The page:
The same technician, as part of the examination, gave Rosenbaum a Glasgow Coma Score, which is the means of quantifying the consciousness level of patients with head injuries. The GCS, according to medical sources, is tallied between 3 and 15, with 3 being the worst and 15 the best. Rosenbaum's evaluation was a GCS total "6." According to one trauma scoring source, a coma score of 8 or less correlates with a severe brain injury.

From items filled out on the form, the report indicated that his eyes didn't open spontaneously or in response to verbal or pain stimuli, that there was no verbal response, and in the box calling for a description of the patient's skin, "pale" rather than "normal" was checked.

What's the possible significance of this? According to the Fire and EMS protocols governing clinical priority and transport decisions, a patient who is unconscious or who has a GCS below 13 and does not respond to therapy should be designated as a "Priority 1: Unstable Patient."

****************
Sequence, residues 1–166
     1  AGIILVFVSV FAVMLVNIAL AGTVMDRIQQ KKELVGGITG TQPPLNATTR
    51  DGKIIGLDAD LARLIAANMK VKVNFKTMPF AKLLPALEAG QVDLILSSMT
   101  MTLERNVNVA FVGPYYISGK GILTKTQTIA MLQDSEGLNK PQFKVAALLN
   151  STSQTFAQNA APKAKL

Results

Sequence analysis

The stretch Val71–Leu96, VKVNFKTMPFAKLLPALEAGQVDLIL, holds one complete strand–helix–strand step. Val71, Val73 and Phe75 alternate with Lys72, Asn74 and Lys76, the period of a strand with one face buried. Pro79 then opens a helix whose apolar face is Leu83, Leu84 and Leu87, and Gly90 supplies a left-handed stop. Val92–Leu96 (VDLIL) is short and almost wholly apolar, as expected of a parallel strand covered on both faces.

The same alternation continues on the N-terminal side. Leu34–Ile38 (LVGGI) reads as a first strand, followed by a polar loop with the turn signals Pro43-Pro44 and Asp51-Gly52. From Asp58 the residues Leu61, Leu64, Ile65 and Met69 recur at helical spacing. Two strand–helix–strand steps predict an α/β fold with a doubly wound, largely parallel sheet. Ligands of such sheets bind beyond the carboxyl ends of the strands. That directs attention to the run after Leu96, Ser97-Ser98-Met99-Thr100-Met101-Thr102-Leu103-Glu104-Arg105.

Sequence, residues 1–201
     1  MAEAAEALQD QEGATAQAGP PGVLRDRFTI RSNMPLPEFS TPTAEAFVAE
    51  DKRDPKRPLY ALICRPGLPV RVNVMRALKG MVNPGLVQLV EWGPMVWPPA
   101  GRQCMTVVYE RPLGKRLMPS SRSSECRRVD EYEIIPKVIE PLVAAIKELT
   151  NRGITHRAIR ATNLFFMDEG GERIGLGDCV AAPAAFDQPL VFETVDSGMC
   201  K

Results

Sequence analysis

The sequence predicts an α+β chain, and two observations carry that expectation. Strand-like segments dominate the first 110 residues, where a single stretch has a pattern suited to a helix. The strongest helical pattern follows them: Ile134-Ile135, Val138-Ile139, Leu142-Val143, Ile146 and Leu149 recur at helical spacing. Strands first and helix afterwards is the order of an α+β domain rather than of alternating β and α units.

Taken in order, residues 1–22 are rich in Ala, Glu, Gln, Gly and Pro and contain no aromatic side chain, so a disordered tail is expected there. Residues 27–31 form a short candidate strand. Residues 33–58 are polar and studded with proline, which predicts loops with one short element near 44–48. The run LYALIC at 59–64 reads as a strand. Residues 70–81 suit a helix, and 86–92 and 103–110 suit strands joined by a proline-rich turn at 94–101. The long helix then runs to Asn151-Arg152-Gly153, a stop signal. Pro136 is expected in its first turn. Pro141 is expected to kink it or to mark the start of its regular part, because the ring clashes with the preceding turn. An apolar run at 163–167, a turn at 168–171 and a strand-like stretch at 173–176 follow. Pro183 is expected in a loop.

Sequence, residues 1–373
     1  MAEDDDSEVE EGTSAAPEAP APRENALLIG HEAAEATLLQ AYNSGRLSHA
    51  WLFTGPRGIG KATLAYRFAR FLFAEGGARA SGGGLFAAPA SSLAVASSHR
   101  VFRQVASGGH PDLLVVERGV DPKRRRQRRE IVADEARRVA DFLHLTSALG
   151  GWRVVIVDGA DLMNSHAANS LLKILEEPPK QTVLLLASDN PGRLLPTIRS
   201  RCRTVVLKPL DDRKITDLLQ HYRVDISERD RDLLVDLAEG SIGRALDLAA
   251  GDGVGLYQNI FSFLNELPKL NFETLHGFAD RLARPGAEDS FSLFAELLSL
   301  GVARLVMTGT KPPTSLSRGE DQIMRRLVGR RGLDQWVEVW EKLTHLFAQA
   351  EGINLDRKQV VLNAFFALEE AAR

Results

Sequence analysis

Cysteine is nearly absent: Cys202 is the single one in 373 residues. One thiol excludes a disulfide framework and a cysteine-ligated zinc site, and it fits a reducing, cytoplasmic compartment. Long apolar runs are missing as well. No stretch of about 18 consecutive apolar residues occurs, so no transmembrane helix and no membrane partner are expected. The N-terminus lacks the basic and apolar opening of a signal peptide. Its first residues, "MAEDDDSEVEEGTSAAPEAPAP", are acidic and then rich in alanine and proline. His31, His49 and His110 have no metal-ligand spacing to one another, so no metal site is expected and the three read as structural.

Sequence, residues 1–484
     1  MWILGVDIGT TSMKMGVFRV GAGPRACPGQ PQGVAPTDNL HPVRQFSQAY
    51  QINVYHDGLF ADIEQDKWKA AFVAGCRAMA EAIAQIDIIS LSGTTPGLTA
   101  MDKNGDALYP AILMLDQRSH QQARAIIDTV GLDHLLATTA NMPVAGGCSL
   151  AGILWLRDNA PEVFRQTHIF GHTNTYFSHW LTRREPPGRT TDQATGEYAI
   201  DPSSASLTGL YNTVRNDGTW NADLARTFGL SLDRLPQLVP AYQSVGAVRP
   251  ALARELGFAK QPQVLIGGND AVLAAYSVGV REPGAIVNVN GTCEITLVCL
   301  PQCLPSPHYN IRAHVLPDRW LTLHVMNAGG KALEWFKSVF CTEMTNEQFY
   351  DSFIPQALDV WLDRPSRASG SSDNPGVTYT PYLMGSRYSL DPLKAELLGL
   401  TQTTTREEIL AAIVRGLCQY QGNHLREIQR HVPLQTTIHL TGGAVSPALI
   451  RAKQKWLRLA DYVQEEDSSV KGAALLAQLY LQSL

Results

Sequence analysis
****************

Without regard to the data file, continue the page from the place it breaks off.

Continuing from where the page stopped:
Instead, Rosenbaum was designated, as Chief Thompson stated, as a "Priority 3: Stable Patient" (a classification usually assigned to uncomplicated fractures, minor burns and lacerations with bleeding controlled, or seizure patients with a GCS of 15).

Rosenbaum was described as being intoxicated, deemed a low priority and was left waiting for an ambulance that was located 23 minutes away and staffed with EMTs who had limited training, even as advanced life-support ambulances with better-trained paramedics were not only closer to the scene but available when the call went out.